To gain that trust, organizations need to know who they are and what they stand for—and then act accordingly. This clarity of organizational purpose and values provides important guidance and sets a strong foundation to support any future response needs or actions. For example, if human safety is a priority for a medical device business, its words and actions must reflect that in order to build and sustain trust. Ultimately, the best crisis response is to prevent it in the first place by acting with integrity and accountability.

It’s also important for businesses to know their stakeholders well so they can meet them where they’re at, especially if a crisis or concerns arises. When stakeholder relationships are proactively managed and nurtured, they allow the company to start from a place of trust and strength should a challenge occur. That will go a long way towards protecting the brand, sustaining relationships and supporting business continuity.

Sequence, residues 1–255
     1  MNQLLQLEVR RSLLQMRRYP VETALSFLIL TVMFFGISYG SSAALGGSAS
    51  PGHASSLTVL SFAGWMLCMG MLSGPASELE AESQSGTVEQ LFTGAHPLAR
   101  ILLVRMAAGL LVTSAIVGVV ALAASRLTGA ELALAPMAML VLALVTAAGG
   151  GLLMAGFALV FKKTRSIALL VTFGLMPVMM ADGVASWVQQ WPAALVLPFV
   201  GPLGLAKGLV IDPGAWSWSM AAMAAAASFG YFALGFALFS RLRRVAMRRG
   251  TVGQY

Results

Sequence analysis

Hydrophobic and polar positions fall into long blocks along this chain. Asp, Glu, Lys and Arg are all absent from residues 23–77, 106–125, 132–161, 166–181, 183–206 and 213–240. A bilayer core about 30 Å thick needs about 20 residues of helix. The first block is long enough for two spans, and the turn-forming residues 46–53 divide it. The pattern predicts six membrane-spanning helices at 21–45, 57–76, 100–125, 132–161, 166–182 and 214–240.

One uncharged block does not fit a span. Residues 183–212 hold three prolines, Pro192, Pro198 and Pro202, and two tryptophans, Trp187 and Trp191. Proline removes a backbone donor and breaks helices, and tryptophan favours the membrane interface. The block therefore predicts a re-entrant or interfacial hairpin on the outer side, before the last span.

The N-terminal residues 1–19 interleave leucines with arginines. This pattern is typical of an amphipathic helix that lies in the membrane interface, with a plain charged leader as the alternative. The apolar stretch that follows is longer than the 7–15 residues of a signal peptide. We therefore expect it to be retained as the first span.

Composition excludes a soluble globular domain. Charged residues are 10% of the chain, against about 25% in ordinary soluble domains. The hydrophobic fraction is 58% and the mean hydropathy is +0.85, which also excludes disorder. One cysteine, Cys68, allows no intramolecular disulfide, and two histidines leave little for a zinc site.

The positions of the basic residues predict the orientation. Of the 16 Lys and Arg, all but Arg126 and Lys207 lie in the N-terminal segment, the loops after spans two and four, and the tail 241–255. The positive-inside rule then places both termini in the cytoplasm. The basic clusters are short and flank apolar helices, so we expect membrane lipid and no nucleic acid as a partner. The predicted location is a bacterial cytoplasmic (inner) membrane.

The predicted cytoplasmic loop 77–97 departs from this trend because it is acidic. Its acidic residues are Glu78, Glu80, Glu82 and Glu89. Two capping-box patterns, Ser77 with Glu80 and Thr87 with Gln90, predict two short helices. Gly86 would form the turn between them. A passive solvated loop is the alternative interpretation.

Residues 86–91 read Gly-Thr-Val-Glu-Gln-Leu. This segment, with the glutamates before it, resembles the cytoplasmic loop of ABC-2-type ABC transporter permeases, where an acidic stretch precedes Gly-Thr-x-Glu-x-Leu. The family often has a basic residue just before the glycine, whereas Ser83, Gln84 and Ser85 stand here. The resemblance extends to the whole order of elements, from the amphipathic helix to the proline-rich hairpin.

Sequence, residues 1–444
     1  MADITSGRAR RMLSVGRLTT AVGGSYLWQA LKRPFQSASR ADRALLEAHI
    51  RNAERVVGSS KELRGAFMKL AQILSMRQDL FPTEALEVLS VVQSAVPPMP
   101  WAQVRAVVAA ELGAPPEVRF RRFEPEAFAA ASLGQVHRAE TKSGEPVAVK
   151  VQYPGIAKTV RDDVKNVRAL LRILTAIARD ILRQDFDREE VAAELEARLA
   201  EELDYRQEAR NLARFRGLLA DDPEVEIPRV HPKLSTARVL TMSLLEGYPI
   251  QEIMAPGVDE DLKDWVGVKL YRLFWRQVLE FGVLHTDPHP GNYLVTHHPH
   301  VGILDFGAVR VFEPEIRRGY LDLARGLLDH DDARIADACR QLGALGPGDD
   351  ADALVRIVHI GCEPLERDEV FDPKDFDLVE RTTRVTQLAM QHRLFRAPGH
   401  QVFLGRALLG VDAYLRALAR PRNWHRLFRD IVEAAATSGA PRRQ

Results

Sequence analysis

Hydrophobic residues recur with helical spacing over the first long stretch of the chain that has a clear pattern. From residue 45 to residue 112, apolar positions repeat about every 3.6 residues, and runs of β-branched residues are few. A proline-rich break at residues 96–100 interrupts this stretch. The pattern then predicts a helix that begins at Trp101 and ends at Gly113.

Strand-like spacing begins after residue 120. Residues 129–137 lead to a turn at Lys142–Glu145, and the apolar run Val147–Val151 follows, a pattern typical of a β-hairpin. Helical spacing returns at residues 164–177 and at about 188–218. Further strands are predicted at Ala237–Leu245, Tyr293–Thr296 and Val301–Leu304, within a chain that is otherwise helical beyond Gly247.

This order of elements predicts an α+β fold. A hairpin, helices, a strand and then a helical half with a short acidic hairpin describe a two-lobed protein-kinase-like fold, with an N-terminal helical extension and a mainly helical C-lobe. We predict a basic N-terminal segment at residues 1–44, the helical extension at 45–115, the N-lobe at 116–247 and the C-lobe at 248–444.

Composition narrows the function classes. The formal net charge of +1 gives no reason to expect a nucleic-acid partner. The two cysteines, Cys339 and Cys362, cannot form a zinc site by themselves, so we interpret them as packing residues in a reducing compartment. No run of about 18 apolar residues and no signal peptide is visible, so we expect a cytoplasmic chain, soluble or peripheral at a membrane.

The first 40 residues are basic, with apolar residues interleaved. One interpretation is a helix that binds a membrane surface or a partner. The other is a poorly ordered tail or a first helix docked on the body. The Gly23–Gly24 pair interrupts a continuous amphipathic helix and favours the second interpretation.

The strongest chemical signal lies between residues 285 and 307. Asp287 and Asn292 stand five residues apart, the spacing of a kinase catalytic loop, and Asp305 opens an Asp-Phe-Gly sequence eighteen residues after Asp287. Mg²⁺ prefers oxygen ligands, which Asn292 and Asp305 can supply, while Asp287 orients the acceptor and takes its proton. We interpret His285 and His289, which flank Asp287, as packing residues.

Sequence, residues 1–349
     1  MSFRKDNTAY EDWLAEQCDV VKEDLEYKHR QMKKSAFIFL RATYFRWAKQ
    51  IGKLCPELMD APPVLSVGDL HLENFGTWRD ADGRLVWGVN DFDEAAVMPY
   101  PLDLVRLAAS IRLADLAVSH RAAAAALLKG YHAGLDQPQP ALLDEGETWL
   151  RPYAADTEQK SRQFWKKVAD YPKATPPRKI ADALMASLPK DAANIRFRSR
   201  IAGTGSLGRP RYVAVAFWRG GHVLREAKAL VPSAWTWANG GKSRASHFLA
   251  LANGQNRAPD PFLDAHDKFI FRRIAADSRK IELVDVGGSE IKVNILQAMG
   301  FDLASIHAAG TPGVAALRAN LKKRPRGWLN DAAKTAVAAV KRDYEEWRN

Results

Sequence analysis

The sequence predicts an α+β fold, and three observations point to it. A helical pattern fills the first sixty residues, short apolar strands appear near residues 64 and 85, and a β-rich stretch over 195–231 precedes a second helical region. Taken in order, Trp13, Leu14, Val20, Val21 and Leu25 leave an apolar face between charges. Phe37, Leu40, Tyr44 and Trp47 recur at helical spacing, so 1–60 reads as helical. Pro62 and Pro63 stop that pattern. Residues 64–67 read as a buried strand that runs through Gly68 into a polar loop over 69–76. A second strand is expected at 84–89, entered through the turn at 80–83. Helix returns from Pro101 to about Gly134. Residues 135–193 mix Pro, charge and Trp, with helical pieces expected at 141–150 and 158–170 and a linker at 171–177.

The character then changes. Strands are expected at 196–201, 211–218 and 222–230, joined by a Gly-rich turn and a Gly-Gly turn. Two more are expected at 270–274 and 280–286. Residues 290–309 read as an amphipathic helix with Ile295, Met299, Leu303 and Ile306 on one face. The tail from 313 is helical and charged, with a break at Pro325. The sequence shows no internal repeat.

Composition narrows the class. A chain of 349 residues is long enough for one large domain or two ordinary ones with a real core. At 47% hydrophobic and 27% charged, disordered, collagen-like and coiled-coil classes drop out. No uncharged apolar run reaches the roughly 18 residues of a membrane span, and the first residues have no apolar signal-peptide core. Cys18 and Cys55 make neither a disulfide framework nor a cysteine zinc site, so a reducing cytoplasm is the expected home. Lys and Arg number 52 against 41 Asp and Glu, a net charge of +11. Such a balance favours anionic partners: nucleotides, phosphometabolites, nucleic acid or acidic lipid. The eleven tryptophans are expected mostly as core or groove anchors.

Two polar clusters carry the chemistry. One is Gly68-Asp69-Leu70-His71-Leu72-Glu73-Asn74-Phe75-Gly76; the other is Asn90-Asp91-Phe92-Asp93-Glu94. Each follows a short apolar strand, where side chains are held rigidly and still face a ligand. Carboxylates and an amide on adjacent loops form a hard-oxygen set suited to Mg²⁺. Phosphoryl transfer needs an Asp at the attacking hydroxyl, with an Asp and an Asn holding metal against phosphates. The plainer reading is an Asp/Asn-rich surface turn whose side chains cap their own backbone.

Prepare and Plan

It’s not a matter of if—but when—a crisis will impact an organization. The businesses that prepare and plan ahead are the ones best positioned to respond quickly, minimize the damage or risk, and effectively move forward from the situation. It essential for companies to have both a business continuity and crisis communication plan established and regularly refreshed.

When designing a plan, start by identifying the key risks and high-potential crisis scenarios for your business. Explore each situation to clearly define the events or triggers that would activate a crisis response for your organization. These could include recalls, natural disasters, workplace incidents or a data breach. The severity of the crisis will determine the correct level of response and in an actual crisis, each situation should be assessed for its overall impact on the company.